Typical pens are:
- Staedtler Triplus Fineliners – available singularly and in packs of 10, 20, 36 and 42, these pens have some ghosting but minimal bleeding and the array of colours found within the packs can really cause a bright and exciting feel to an otherwise minimalist page
- Stabilo Point 88 Fineliners – similar to the above fineliners but a different brand, generally available in packs 10, 12, 20, 25 and 40 (though you can buy them in smaller packs if necessary)
- Faber-Castell Pitt Artist Pen – these black pens are used a lot for the main body of writing as they come in different nib sizes from XS (0.1mm) to 1,5 (1.5mm)
- Sakura Pens Pigma Micron – again, these are similar to the Pitt Artist Pens but a different brand, and a typical pack of 8 varies from a 0.2mm nib size to a 0.5mm nib size, with a brush pen and graphic pen included
- Pilot V5 pens – used as you would use an Artist Pen or Micron pen, these have a 0.3mm tip and come in blue, black or a variety of different colours
- Fountain pens – a wide variety of fountain pens are used in the Bullet Journal community, but the one that springs to my mind if the Pilot Metropolitan Fountain Pen, which I personally found to have minimal ghosting and bleeding.
But what if I don’t have the time?
It is quite easy to look at inspiration for a bullet journal and marvel at the amount of artwork or creativity some people put into them, but that can also be discouraging to those who either aren’t naturally artistic or who don’t have/want to put that time into their journal. I know it was very overwhelming and a little disheartening to me when I first looked into bullet journaling, but as mentioned above, the good thing about bullet journaling is that you can make it suit you. It doesn’t have to be colourful or artistic.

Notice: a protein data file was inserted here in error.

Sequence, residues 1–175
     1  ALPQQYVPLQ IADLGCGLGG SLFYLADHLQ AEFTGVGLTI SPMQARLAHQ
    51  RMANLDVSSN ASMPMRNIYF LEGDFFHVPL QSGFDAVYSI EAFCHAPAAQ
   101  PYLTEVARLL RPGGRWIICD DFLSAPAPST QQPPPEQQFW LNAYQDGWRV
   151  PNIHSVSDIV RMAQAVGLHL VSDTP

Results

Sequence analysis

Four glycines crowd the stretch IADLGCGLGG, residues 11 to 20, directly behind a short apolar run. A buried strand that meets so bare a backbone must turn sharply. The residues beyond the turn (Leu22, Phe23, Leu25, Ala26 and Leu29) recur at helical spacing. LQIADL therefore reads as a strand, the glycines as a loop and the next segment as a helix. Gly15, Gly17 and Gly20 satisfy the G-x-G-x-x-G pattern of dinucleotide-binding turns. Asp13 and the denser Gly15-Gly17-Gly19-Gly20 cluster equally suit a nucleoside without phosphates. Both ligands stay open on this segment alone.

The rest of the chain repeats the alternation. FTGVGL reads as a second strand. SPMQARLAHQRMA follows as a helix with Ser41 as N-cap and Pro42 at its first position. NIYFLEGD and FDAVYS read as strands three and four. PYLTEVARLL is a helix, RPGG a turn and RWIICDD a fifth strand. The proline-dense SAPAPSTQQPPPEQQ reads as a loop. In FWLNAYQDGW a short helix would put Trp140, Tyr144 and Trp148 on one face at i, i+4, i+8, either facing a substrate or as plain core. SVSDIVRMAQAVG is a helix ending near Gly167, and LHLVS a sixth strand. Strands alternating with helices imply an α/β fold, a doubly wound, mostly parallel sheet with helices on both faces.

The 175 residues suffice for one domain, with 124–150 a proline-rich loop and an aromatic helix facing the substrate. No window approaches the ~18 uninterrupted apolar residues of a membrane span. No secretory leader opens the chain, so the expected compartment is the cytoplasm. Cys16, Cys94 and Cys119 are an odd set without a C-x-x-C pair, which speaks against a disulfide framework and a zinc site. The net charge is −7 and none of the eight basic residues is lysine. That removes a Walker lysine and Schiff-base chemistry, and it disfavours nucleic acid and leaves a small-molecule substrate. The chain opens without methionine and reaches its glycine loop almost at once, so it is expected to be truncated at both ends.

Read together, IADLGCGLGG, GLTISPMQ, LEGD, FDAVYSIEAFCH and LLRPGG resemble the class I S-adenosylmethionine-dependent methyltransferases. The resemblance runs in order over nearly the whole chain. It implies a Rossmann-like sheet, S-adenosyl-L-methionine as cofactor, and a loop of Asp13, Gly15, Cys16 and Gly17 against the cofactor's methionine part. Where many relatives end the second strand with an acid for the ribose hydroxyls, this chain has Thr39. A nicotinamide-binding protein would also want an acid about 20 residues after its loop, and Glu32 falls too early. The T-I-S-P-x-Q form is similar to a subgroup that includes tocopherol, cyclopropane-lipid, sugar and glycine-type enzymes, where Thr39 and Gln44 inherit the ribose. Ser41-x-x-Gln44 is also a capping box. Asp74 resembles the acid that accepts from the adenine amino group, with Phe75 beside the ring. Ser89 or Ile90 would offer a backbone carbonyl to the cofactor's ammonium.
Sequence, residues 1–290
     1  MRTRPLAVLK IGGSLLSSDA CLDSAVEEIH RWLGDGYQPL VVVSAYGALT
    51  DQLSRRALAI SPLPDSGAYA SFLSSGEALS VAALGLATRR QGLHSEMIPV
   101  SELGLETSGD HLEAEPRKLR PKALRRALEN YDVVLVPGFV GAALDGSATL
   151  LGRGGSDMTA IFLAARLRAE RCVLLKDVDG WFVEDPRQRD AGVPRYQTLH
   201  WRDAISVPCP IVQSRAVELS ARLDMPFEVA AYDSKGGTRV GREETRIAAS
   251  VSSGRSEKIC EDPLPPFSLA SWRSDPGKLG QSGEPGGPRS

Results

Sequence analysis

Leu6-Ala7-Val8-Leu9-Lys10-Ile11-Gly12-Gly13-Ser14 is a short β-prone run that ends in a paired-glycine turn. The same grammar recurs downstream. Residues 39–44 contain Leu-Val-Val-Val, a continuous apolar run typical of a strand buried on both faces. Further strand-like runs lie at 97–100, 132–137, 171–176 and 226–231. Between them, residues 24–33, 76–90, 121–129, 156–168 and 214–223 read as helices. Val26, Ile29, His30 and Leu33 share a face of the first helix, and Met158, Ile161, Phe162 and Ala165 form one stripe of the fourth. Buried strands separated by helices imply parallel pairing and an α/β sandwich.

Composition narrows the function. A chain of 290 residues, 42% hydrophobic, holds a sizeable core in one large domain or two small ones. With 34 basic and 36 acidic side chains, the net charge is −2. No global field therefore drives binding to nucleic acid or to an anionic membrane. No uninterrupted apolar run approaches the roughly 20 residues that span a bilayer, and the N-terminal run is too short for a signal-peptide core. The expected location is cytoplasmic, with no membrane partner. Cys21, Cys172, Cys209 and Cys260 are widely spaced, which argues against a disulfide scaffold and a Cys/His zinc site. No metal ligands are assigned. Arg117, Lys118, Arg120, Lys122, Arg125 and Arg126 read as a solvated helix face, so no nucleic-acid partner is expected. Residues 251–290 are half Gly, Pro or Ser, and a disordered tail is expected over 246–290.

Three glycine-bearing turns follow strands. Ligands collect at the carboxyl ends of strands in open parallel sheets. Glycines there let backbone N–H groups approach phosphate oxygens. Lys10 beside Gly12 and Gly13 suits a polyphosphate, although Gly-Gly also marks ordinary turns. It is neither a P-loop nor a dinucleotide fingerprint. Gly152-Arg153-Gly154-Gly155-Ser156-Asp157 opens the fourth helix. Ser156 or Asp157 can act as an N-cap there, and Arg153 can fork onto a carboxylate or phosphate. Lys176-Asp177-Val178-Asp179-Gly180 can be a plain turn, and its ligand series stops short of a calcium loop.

Minimalist bullet journals can comprise of only a notebook and a pen, and this is perhaps the best idea for people with little time to spare who want to bullet journal. In fact, I’d say a bullet journal could be set up within 15 minutes, and used on a daily basis in 5 minutes, depending on what you want from it.
But for people with more time, who perhaps want to show their artistic flare, there are a lot of different ways to introduce colour and vibrancy into your journal, including using the different journal/noteook variations and coloured pens mentioned above.
There are also a number of different collections you can put into your bullet journal, to monitor your mood, track your health, maximise your productivity and log your reading habits, among some of the many possiblities, but I will be going into these at a later date.
Who is it good for?
Simply put, the bullet journal can be good for anyone, if you’re willing to give it a go. But if I were to categorise people it would be good for, I would have to say it would be good for people who:
- Love stationery
- Forget tasks, appointment times and meetings
- Want to hold themselves accountable for their goals
- Have a lot of open notebooks but don’t ever get around to filling them up
- Use planners but find they are limited by the amount of space/structure that is provided for them
- Are busy
- Have free time
- Want to remember certain events or whether the new restaurant they went to last week was any good
- Aspire to be better
Bullet journaling can seem a very overwhelming concept to first look at it, but I promise you that the more you dive into it, the clearer it becomes and the easier it is to regain control of your life and make it work for you.